Kemah (Kurdish: Kemax),[2] known historically as Ani-Kamakh (Armenian: Անի-Կամախ), Gamakh, Kamacha or Kamachon (Greek: Κάμαχα, Κάμαχον) is a town in Erzincan Province in the Eastern Anatolia Region of Turkey. It is the seat of Kemah District.[3] Its population is 2,929 (2022).[1] The town is located almost in the centre of Erzincan Province.

Kemah is located in Turkey
Location in Turkey
Coordinates: 39°36′10″N 39°02′08″E / 39.60278°N 39.03556°E / 39.60278; 39.03556
 • MayorOsman Kemal Aslan (MHP)
1,130 m (3,710 ft)
Time zoneTRT (UTC+3)
Postal code
Area code0446

Neighborhoods edit

The town is divided into the neighborhoods of Aşağıgedik, Beklimçay, Cirgişin, Çarşı, Göğüsbağı, Karşıbağ, Mektepönü, Ortagedik, Pörhenkbaşı and Yukarı.[3]

History edit

Ancient and medieval edit

In ancient times, the town was known as Ani-Kamakh, and was the cult center of the Armenian goddess Anahit (Ani).[4] It may be what the Hittites referred to as Kummaha, one of the cities of Azzi (if that was not just a variant of Kummuh).[5]

The necropolis of Armenia's Arsacid dynasty was located in Kemah, including the tomb of Tiridates III who was instrumental in the conversion of the Armenian people to Christianity.

During the early Middle Ages, Kemah was a strategically important border fortress in the border wars between the Byzantines and the Umayyads and Abbasids. It first fell to the Muslims in 679 and changed hands frequently until the mid-9th century (cf. Siege of Kamacha (766)), when Byzantine control was consolidated. According to Constantine VII, in the late 9th century Kemah formed a tourma in the thema of Koloneia. Under Emperor Leo VI the Wise, Kemah was joined with the district of Keltzene to form the new thema of Mesopotamia. Little is known of the site thereafter, except that it was the seat of a bishopric named "Armenia". The Byzantines lost control of the area following the Battle of Manzikert in 1071.[6]

Modern edit

The Kemah Gorge was the scene of massacres during the Armenian genocide. In one instance, 25,000 Armenians were killed in one day by throwing the victims off a steep gorge and into the Euphrates river.[7][8]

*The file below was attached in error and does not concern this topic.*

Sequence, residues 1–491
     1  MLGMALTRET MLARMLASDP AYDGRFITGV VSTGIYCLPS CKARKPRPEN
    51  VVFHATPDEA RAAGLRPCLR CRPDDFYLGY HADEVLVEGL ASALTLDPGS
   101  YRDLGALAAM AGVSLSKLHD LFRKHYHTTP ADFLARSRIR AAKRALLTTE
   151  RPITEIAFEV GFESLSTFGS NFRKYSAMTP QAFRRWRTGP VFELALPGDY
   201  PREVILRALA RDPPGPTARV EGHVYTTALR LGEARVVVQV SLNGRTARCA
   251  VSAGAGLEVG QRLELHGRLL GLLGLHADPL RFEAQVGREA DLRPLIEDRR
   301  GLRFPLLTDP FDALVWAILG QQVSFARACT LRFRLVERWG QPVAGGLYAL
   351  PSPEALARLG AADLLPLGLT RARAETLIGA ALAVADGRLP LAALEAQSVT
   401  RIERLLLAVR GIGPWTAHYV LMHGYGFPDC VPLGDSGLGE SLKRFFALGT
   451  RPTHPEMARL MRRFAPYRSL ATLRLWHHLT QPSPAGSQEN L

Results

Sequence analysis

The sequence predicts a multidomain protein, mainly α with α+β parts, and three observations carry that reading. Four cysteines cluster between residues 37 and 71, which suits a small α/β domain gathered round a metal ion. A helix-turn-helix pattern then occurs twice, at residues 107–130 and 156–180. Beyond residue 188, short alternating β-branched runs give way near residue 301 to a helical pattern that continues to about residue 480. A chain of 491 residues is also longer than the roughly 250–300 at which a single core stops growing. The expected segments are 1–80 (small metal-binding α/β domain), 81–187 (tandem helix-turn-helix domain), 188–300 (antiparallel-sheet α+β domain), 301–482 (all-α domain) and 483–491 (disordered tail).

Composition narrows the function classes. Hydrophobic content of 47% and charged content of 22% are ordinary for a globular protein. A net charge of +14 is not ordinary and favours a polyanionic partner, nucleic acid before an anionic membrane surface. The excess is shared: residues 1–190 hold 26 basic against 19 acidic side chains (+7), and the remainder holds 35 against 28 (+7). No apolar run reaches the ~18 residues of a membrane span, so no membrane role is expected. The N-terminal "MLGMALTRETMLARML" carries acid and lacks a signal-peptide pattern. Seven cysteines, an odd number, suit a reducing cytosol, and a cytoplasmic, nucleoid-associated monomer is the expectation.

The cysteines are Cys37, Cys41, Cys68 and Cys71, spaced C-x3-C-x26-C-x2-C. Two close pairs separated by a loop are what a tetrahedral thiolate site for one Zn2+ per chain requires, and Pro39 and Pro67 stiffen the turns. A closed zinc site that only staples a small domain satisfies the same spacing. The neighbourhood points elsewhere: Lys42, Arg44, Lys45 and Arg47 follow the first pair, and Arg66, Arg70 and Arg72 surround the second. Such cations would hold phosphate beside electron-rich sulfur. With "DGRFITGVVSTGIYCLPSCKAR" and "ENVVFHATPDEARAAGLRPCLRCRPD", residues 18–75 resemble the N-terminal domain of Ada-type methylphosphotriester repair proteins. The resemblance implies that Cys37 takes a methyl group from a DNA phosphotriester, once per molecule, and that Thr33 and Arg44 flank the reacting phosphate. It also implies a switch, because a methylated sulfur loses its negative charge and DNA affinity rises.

Demographics edit

In the 19th century, Armenian Catholic geographer Rev. Ghukas Injijian wrote that the Muslim population in Kemah were of Armenian origin but had converted to Islam during the devastation caused by the Persian-Ottoman wars in the sixteenth and seventeenth centuries.[9]

References edit

  1. ^ a b "Address-based population registration system (ADNKS) results dated 31 December 2022, Favorite Reports" (XLS). TÜİK. Retrieved 13 March 2023.
  2. ^ Avcıkıran, Adem (2009). Kürtçe Anamnez Anamneza bi Kurmancî (in Turkish and Kurdish). p. 56.
  3. ^ a b İlçe Belediyesi, Turkey Civil Administration Departments Inventory. Retrieved 1 March 2023.
  4. ^ Petrosyan, Armen The Cities of Kumme, Kummanna and Their God Teššub / Teišeba [1] pp. 143-144.
  5. ^ Hittite Anatolia
  6. ^ Foss, Clive (1991). "Kamacha". In Kazhdan, Alexander (ed.). The Oxford Dictionary of Byzantium. Oxford and New York: Oxford University Press. p. 1097. ISBN 0-19-504652-8.
  7. ^ Kévorkian, Raymond H. (2011). The Armenian genocide : a complete history. London: I. B. Tauris. pp. 309–310. ISBN 978-1-84885-561-8. Retrieved 8 October 2011.
  8. ^ Raymond Kevorkian (June 3, 2008). "The Extermination of Ottoman Armenians by the Young Turk Regime (1915-1916)". Online Encyclopedia of Mass Violence. Retrieved 8 October 2011. At a point two hours from the town, the men are taken aside and eliminated. 2,833 infants from the kaza of Bayburt are drowned in the Euphrates in the midst of the gorges of Kemah.
  9. ^ "Fundamental Armenology" (PDF). Archived from the original (PDF) on 2018-04-11. Retrieved 2019-05-18.